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The word facade originates from the Latin facies, meaning 'the face of the house'. In ancient times, few people gave much thought to the 'faces' of their homes: it was quite enough to be sheltered from the wind and rain. Today, a much higher standard prevails. Apart from its effect on the appearance of a building, the facade is crucial to its practicality. Accordingly, the design and construction of facades has evolved into an architectural art form.
Facade design is different from interior design. Apart from serving as an expression of the architect's creative mind, a facade must also be robust enough to withstand wind, rain, sunlight and vibration. Few universities teach the art of the facade, and architects must learn their trade by experience and instinct.
The Art of Facades provides a multifaceted look at the anatomy of the modern facade using text, photography, and three-dimensional and CAD renderings. Readers will come away with a new appreciation of this most vital and public of architectural features - and the ability to understand the fascinating story behind 'the face of the house'.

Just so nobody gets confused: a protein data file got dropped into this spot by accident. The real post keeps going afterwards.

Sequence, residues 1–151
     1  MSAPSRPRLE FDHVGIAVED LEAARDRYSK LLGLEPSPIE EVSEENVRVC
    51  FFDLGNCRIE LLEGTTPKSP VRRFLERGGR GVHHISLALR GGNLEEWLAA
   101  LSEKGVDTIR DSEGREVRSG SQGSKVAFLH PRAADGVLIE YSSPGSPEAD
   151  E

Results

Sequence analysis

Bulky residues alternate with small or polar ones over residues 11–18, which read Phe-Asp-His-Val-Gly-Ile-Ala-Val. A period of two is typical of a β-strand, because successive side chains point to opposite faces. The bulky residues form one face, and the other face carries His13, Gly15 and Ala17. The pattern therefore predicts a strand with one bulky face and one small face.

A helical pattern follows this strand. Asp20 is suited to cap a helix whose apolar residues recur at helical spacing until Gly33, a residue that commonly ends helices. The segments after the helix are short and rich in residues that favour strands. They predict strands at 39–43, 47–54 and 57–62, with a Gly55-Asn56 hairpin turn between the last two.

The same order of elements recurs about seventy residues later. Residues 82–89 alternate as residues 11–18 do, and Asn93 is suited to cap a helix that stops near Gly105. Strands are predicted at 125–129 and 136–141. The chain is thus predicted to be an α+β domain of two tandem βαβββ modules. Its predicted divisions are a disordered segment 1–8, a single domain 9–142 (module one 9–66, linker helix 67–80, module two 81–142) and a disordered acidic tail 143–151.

About the author
After graduating from the University of Ottawa in 1980 with a major in Mechanical Engineering, Michael Lee completed his MBA at the Chinese University of Hong Kong in 1995. Since then, he has participated in the design and construction of unique facades around the globe, including projects in the Middle East, America, Egypt, Malaysia, Singapore, China, Taiwan, Macau and Hong Kong. Currently, Lee is director of Merry Ocean Facade Technologies Limited, a specialised facade design and consultancy firm which he established in year 2000. He has also lent his experience to cultivating Hong Kong's next generation of façade designers: Lee has been invited by The Chartered Institute of Building (Hong Kong) to speak on facade construction at The Hong Kong Polytechnic University, and from 2003 to 2006, he was a guest lecturer at City University of Hong Kong.